Method of operation of VANADIS in the treatment of heart attacks.
In the case of a myocardial infarction, the blood flow to the heart is (partly) blocked and an area of dead cells will form; the infarct zone as indicated in the figure. The infarct zone is surrounded by an area in which blood circulation is severely restricted, however in which the cells are still alive; the so called ischemic zone. As a result of the restricted circulation, waste products are poorly drained and build up within the cell.
Heart attack patients normally receive a percutaneous coronary intervention (PCI). This procedure opens the artery and re-establishes the blood supply to the heart muscle. The cells in the ischemic zone suddenly receive a large supply of oxygen. This influx of oxygen and the chemical reaction of the oxygen with the accumulated waste products cause cells to die. This is called the reperfusion injury. This reperfusion injury causes a significant increase of the infarction area.
By treating patients with VANADIS before performing the PCI, cells in the ischemic zone become more resilient to the effects of the sudden oxygen influx. Cell death in this zone will be significantly reduced as a consequence.
What is the added value for the patient of treatment with VANADIS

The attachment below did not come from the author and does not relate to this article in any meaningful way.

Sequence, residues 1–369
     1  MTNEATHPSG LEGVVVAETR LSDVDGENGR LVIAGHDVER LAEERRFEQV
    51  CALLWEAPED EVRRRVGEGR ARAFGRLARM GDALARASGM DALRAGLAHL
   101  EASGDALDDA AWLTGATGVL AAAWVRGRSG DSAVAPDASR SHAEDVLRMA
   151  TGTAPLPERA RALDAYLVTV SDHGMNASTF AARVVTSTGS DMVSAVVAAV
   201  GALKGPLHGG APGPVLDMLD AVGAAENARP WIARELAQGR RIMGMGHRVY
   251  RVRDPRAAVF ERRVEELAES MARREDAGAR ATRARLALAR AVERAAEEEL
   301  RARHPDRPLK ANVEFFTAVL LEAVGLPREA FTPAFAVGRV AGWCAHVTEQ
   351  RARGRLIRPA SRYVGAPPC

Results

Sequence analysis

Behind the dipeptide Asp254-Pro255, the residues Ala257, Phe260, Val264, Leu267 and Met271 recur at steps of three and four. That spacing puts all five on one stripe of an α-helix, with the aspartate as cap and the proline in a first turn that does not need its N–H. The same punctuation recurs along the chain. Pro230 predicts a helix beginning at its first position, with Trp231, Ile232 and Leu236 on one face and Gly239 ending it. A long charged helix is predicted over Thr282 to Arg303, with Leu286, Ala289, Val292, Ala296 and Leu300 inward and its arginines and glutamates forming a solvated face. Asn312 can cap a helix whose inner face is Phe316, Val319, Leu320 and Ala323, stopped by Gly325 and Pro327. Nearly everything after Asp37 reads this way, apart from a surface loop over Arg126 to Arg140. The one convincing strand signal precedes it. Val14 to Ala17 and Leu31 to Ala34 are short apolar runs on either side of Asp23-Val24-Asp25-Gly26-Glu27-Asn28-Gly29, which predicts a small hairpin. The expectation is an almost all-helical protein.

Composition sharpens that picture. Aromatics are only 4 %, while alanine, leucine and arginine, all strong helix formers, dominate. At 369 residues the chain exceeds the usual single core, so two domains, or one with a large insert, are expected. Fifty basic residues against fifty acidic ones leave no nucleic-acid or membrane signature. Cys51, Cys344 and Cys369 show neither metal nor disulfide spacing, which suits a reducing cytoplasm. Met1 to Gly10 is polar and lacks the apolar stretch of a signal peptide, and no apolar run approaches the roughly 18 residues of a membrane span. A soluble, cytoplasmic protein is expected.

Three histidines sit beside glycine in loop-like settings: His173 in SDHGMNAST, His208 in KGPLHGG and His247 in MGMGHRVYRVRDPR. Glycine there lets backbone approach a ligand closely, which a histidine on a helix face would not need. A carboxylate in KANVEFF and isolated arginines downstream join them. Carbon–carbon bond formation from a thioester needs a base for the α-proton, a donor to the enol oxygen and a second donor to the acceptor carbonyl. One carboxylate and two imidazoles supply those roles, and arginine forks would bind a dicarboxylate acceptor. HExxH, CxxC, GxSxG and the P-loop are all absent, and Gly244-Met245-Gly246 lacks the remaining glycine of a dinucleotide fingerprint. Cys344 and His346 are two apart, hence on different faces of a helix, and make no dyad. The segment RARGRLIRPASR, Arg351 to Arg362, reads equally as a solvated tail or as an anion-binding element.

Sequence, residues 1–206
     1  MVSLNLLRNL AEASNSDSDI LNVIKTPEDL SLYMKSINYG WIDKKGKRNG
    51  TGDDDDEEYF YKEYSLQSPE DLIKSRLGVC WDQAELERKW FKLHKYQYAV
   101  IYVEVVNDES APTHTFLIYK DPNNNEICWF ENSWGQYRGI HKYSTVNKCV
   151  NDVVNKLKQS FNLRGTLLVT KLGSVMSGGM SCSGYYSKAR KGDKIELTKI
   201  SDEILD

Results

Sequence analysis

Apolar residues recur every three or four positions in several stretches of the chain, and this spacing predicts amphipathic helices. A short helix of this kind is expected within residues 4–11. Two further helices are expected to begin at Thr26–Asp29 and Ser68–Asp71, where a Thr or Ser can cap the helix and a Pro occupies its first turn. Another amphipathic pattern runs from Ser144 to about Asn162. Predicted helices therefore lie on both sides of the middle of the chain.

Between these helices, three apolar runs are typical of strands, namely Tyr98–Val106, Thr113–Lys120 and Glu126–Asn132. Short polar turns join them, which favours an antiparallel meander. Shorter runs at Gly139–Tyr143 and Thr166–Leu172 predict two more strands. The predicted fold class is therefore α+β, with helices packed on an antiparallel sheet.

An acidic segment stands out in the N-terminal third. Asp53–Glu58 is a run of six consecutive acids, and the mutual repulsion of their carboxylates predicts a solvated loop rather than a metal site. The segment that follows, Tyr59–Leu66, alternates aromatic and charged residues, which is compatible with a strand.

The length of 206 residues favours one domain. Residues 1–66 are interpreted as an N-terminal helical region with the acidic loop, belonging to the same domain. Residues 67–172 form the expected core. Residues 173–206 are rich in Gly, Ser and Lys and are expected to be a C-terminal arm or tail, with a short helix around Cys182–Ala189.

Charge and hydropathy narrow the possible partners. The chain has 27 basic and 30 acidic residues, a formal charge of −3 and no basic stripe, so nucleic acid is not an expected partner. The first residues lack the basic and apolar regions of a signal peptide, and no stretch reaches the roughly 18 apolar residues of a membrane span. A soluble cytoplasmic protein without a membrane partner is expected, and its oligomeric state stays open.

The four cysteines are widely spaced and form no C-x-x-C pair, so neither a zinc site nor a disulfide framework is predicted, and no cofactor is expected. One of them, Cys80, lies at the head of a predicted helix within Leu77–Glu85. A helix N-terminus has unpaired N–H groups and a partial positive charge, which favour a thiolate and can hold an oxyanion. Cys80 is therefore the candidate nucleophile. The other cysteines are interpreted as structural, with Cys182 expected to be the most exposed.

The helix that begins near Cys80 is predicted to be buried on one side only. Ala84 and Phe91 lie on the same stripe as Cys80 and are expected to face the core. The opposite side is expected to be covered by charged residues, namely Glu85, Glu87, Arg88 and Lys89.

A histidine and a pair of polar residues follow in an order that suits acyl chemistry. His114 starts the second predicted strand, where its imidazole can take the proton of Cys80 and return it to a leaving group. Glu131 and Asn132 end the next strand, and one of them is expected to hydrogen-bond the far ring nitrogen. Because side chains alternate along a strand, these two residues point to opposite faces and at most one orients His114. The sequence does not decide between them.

As a result of a heart attack, the pump function of the heart is weakened, depending on the severity of the infarction. The pump function of the heart is expressed in the ejection fraction. This is the part of the volume of the blood in the heart that is pumped out per stroke. The relationship between the two is shown in the graph below.
The remaining ejection fraction strongly determines the chance of survival and the quality of life of the patient after the infarction. It is also an important factor which determines the medical expense for the patient. Preclinical studies have shown that treatment with VANADIS can reduce the infarction size by up to 42%. This preclinical measured effect is shown in the graph below.
A similar improvement of the ejection fraction in people would mean a significantly better quality of life; less likelihood of recurring heart problems and an expected reduced chance of a new heart attack and heart failure. There is also a reduced chance of mortality. It is expected that such improvements are also achieved in humans. The planned phase II Proof of Concept (PoC) study aims to establish this.
What is the further development of VANADIS for the cardiovascular application.
Preclinical (animal) tests with VANADIS have been completed, with the aforementioned impressive outcome of 42% reduction in heart reperfusion damage. A first clinical trial (Phase I) with healthy volunteers has been completed and shows that VANADIS is safe, well tolerated and can be used without significant side effects. The objective of the phase II PoC study is to prove that VANADIS is effective in patients with an acute myocardial infarction in relation to:
- the reduction of infarction size
- the positive effects on heart performance (ejection fraction)
- reducing the risk of heart failure
- reduced mortality rate
- proof that other organs such as kidneys and brain are protected by VANADIS® from damage initiated by heart failure